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A recent Cochrane meta-analysis did not confirm the benefits of fish and fish oil in the secondary prevention of cardiac death and myocardial infarction. We performed a meta-analysis of randomized controlled trials that examined the effect of fish-oil supplementation on ventricular fibrillation and ventricular tachycardia to determine the overall effect and to assess whether heterogeneity exists between trials.
We searched electronic databases (MEDLINE, EMBASE, The Cochrane Central Register of Controlled Trials, CINAHL) from inception to May 2007. We included randomized controlled trials of fish-oil supplementation on ventricular fibrillation or ventricular tachycardia in patients with implantable cardioverter defibrillators. The primary outcome was implantable cardioverter defibrillator discharge. We calculated relative risk [RR] for outcomes at 1-year follow-up for each study. We used the DerSimonian and Laird random-effects methods when there was significant heterogeneity between trials and the Mantel-Hanzel fixed-effects method when heterogeneity was negligible.
We identified 3 trials of 1–2 years' duration. These trials included a total of 573 patients who received fish oil and 575 patients who received a control. Meta-analysis of data collected at 1 year showed no overall effect of fish oil on the relative risk of implantable cardioverter defibrillator discharge. There was significant heterogeneity between trials. The second largest study showed a significant benefit of fish oil (relative risk [RR] 0.74, 95% confidence interval [CI] 0.56–0.98). The smallest showed an adverse tendency at 1 year (RR 1.23, 95% CI 0.92–1.65) and significantly worse outcome at 2 years among patients with ventricular tachycardia at study entry (log rank p = 0.007).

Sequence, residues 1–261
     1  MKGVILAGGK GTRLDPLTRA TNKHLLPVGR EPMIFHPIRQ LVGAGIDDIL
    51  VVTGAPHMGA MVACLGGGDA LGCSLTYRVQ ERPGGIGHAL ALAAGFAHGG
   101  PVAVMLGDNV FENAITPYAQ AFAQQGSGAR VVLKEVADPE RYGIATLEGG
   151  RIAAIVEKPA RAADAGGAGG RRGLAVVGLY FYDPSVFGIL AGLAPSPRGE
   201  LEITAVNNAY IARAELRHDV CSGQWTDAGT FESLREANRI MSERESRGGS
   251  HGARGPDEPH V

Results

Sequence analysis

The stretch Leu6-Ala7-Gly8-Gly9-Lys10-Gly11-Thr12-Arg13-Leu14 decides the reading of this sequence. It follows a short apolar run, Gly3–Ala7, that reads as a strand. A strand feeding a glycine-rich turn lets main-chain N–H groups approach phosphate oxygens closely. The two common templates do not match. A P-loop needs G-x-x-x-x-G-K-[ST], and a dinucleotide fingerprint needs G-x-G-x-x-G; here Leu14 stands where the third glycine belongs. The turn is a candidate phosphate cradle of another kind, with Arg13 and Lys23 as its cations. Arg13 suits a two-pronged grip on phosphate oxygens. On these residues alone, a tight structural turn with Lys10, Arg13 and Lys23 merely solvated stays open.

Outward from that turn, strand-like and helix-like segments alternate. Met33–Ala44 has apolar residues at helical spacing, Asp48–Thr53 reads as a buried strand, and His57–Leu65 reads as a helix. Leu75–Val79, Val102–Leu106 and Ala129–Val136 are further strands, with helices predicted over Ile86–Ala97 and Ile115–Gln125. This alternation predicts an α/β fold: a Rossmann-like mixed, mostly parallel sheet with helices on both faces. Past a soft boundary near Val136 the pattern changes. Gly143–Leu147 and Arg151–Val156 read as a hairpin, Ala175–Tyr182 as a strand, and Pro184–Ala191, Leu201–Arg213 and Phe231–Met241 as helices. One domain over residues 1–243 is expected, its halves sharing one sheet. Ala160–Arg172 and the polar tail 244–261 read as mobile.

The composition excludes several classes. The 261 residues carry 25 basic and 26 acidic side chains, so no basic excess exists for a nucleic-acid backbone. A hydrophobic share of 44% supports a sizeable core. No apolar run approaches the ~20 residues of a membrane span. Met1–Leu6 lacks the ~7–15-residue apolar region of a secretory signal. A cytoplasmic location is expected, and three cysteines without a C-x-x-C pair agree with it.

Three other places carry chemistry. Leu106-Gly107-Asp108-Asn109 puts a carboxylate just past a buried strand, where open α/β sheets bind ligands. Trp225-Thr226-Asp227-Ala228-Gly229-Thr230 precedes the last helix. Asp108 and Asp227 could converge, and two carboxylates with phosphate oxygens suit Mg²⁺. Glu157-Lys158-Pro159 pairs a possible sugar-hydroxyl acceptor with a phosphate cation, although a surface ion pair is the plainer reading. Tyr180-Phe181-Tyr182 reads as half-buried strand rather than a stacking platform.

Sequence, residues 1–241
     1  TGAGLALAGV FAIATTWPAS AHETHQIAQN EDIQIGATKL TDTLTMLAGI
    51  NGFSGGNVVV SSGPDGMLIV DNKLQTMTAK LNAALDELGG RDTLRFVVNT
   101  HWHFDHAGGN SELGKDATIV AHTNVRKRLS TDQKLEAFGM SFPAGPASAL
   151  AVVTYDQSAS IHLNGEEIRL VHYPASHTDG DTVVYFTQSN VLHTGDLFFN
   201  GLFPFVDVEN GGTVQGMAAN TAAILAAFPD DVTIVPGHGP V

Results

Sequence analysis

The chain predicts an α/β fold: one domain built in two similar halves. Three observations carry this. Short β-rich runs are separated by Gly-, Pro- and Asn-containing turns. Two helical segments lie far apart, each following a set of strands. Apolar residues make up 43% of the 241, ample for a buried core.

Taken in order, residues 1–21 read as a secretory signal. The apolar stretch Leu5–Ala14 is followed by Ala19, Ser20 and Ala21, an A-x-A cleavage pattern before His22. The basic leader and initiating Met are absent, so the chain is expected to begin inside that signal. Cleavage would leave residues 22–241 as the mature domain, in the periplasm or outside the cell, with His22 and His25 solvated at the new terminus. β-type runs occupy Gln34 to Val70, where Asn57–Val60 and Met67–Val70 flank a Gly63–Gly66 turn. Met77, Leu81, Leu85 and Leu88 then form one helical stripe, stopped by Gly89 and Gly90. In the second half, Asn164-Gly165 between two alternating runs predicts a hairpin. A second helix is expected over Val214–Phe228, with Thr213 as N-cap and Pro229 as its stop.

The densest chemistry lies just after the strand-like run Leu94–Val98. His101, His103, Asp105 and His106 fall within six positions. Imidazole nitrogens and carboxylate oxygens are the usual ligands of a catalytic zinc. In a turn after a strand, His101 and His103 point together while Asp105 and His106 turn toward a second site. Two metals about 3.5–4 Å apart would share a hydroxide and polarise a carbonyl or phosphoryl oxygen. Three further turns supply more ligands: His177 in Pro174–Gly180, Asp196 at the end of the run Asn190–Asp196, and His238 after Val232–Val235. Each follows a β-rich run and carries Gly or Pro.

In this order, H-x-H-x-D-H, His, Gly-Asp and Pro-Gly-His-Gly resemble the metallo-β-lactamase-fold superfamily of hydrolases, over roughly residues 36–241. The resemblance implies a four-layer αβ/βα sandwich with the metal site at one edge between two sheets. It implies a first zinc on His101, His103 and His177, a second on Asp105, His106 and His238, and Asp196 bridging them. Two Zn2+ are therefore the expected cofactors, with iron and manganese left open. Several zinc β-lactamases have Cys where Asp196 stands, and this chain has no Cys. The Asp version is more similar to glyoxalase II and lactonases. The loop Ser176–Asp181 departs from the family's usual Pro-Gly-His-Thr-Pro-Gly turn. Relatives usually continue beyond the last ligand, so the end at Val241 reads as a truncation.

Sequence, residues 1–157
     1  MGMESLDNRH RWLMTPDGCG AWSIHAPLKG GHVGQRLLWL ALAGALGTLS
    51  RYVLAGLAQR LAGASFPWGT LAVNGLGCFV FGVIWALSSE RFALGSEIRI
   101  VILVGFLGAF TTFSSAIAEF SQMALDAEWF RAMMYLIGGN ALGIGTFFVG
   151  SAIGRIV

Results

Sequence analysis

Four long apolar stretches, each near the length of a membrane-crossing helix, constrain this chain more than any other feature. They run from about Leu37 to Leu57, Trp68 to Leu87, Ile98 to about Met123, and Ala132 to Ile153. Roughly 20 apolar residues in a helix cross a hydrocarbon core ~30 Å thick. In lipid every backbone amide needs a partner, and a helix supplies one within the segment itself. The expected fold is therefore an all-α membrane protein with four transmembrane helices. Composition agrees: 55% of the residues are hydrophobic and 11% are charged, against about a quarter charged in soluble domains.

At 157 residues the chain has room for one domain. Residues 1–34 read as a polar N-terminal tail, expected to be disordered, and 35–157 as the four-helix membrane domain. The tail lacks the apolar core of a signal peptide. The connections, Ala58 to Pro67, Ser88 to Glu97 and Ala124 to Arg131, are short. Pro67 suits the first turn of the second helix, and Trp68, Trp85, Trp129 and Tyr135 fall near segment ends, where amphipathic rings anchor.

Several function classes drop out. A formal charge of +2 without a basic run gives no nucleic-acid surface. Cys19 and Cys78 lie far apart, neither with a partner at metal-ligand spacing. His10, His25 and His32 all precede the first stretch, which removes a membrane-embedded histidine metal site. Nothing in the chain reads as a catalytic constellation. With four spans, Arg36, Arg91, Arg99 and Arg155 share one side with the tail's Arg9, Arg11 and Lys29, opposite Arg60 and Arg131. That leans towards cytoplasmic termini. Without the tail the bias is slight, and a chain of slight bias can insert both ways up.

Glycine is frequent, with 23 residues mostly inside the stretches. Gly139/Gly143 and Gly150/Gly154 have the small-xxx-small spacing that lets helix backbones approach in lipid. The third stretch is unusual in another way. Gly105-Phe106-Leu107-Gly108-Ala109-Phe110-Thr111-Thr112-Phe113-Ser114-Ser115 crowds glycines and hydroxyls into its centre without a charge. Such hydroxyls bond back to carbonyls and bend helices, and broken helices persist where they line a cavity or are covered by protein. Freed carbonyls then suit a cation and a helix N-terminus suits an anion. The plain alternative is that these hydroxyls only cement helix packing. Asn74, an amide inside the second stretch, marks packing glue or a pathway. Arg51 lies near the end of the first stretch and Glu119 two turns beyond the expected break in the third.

These data indicate that there is heterogeneity in the response of patients to fish-oil supplementation. Caution should be used when prescribing fish-oil supplementation for patients with ventricular tachycardia.